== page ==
The Bird Room

The Bird Room
Chris Killen
(Canongate, 2009)

Don’t you hate blurbs that deceive you? The Bird Room promises to be “a candid, funny and joyous portrait of love and desire in the modern age”. Only one of those adjectives actually applies, and then only if you assume the candid refers to the sex and don’t expect it to equally apply to love and desire (neither of which are the same thing).

The prose limps along, never enabling you to engage with the characters or care about them. Alice, the “smart, sexy” love interest, doesn’t get to narrate and her words and actions, as relayed by Will (the putative protagonist), make her seem as broken and emotionally blank as the other characters. There’s certainly no joy in the book, and pitifully few laughs.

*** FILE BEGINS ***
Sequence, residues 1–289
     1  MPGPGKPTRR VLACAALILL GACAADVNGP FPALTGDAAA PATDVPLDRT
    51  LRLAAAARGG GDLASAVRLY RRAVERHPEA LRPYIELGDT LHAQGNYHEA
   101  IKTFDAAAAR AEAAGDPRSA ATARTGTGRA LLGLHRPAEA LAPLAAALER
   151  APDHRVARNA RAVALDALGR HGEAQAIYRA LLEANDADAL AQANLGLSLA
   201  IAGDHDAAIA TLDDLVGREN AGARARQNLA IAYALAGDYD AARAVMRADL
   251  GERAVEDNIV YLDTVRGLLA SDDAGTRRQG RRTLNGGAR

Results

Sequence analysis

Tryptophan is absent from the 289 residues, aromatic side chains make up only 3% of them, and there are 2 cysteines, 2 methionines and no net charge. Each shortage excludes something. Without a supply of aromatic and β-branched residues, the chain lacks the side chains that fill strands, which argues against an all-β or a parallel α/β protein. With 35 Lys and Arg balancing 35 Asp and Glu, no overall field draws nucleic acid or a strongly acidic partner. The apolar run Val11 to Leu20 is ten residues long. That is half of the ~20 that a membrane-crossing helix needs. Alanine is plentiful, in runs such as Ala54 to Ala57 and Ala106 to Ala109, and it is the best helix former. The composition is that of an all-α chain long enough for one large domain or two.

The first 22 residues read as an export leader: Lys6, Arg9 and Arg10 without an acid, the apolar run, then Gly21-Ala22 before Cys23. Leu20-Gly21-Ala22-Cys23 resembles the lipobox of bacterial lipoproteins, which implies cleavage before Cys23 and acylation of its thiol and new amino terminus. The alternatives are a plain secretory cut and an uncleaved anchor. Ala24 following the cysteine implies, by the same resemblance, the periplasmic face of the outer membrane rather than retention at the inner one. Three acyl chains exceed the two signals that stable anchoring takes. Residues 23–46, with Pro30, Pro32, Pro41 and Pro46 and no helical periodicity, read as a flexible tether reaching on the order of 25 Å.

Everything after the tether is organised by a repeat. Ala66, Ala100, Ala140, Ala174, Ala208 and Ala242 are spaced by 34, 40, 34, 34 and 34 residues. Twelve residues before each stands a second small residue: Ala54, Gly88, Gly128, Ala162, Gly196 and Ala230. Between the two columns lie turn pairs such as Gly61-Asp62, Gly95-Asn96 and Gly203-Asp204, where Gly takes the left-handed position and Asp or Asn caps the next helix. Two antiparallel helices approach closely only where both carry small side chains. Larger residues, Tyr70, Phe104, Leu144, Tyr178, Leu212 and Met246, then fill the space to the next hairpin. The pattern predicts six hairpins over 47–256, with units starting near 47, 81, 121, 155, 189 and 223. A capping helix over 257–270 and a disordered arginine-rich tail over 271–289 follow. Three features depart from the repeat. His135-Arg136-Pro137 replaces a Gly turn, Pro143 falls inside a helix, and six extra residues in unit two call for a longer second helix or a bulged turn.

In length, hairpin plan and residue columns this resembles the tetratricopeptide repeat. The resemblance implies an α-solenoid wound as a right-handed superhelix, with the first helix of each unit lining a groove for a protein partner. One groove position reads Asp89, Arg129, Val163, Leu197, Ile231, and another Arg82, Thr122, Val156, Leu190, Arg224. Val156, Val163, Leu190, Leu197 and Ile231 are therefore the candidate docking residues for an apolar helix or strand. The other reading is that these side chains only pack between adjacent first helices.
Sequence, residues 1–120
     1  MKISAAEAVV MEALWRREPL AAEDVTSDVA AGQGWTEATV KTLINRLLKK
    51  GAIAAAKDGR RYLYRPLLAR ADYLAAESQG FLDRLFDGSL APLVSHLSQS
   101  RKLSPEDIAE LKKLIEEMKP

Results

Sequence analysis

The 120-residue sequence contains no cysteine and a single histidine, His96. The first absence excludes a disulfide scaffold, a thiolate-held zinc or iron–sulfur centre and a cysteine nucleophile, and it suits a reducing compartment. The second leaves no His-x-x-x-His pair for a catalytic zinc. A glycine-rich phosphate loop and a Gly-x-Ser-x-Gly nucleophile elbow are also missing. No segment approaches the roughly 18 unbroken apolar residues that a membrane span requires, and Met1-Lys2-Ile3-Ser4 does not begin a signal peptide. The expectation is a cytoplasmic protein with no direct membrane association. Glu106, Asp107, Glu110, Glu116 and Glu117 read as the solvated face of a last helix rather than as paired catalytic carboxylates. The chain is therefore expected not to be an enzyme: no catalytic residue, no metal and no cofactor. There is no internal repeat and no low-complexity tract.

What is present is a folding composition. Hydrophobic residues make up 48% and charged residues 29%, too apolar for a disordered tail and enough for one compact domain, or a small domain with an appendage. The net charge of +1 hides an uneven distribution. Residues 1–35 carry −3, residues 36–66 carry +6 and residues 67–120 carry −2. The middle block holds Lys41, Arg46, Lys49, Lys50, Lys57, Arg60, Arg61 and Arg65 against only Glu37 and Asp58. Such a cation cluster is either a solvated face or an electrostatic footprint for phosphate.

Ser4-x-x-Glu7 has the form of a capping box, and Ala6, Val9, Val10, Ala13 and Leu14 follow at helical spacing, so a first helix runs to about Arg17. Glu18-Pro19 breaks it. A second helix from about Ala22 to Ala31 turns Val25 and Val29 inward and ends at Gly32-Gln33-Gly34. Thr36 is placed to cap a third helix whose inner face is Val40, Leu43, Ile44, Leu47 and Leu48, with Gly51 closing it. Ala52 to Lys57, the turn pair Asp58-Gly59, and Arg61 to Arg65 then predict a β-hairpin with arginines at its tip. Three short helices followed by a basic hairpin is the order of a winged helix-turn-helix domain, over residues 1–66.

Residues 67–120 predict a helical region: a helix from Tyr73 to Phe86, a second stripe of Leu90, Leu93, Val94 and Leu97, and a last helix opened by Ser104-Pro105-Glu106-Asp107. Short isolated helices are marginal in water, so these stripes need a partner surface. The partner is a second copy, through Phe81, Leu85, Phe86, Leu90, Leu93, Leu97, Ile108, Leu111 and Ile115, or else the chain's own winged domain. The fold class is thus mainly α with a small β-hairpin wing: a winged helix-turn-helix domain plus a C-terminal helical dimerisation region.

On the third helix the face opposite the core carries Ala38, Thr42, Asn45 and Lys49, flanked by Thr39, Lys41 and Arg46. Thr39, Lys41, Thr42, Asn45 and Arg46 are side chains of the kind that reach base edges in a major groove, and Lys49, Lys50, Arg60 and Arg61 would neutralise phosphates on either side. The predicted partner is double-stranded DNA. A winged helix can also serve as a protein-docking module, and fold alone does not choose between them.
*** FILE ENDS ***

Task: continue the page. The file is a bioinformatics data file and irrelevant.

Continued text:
You can see the glimmerings of themes, lurking behind the facile plot. William, Will’s friend, is his more cool double: the one who left Manchester for Glasgow, the one who travels, the one who gets girls despite not being a looker, the one who isn’t paranoid about things. Clair puts on the identity of Helen so she can be all the things she isn’t: she leaves home (although not Manchester); she wears contacts; she leaves her old job to be an actress in online porn.

The problem is any potential themes are drowned by a deadened prose style and minimalist plot. It feels like reading a book where someone has mistaken ‘graphic’ for ‘adult’, and thus splattered references to sex on every page. To be honest, I read far better sex scenes in fanfic, and at least there the characters tend to be engaging and have a complexity of emotions. Each character in The Bird Room has one state: paranoid; shallow; narcissistic; confused.

It’s taken me a week to read it. Not because it’s long (a mere 200 or so pages in B-format paperback) but because after an initial session with it, I put off reading the rest of it until this morning.

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